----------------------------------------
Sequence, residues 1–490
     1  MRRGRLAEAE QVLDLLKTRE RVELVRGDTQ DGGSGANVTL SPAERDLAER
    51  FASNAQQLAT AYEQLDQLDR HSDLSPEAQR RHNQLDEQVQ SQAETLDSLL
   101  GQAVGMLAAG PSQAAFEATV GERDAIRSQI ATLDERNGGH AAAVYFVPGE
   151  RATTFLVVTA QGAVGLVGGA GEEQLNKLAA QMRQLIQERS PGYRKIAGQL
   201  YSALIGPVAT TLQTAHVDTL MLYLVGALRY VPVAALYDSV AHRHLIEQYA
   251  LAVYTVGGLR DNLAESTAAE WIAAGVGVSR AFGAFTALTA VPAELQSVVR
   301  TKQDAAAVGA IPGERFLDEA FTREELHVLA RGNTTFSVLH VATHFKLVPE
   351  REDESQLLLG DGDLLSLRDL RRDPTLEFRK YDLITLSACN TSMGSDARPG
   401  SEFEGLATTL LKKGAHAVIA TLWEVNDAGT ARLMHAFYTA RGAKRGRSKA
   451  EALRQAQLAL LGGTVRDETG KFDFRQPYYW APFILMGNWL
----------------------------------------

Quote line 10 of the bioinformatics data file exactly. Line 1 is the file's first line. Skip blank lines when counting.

   401  SEFEGLATTL LKKGAHAVIA TLWEVNDAGT ARLMHAFYTA RGAKRGRSKA